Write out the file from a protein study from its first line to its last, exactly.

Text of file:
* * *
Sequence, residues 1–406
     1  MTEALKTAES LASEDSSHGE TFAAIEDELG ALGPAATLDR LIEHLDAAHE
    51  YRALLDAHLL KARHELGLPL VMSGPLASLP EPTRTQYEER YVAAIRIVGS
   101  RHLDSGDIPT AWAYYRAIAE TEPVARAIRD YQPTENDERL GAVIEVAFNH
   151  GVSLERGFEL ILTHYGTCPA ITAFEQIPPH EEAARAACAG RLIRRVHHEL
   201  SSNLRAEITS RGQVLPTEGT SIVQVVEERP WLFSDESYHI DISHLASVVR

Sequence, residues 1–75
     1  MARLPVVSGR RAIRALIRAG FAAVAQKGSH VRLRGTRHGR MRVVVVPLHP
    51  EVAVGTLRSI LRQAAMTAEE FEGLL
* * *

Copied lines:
Sequence, residues 1–406
     1  MTEALKTAES LASEDSSHGE TFAAIEDELG ALGPAATLDR LIEHLDAAHE
    51  YRALLDAHLL KARHELGLPL VMSGPLASLP EPTRTQYEER YVAAIRIVGS
   101  RHLDSGDIPT AWAYYRAIAE TEPVARAIRD YQPTENDERL GAVIEVAFNH
   151  GVSLERGFEL ILTHYGTCPA ITAFEQIPPH EEAARAACAG RLIRRVHHEL
   201  SSNLRAEITS RGQVLPTEGT SIVQVVEERP WLFSDESYHI DISHLASVVR

Sequence, residues 1–75
     1  MARLPVVSGR RAIRALIRAG FAAVAQKGSH VRLRGTRHGR MRVVVVPLHP
    51  EVAVGTLRSI LRQAAMTAEE FEGLL